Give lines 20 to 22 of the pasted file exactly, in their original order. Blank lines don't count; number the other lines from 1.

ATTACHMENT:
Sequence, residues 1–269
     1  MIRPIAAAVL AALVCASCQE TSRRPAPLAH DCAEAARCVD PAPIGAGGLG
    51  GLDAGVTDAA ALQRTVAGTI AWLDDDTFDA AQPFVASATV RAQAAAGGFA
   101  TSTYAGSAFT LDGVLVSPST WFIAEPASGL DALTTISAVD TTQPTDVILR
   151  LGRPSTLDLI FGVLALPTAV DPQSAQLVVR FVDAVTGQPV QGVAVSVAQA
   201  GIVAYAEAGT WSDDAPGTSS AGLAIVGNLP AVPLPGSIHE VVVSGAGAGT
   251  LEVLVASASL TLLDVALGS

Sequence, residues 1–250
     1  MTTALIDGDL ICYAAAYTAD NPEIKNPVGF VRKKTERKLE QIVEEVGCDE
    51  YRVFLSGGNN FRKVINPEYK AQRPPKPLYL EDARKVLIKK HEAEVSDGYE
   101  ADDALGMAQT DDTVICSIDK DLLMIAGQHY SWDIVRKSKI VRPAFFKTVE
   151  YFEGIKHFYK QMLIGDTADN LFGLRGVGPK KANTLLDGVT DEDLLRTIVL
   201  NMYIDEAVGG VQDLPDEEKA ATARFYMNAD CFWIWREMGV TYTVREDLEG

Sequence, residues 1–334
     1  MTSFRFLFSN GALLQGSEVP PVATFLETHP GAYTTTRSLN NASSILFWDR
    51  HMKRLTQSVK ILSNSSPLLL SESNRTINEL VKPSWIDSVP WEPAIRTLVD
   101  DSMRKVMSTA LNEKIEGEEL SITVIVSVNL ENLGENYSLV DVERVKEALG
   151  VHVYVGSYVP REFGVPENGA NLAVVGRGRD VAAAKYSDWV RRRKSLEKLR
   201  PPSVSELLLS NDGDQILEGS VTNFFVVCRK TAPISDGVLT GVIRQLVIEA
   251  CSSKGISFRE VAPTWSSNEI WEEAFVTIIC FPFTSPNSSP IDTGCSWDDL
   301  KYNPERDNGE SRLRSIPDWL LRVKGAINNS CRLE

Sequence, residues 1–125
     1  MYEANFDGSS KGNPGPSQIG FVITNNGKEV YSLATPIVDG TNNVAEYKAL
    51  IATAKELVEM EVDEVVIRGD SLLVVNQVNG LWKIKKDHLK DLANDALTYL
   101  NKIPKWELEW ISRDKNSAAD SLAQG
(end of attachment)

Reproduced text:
   251  CSSKGISFRE VAPTWSSNEI WEEAFVTIIC FPFTSPNSSP IDTGCSWDDL
   301  KYNPERDNGE SRLRSIPDWL LRVKGAINNS CRLE

Sequence, residues 1–125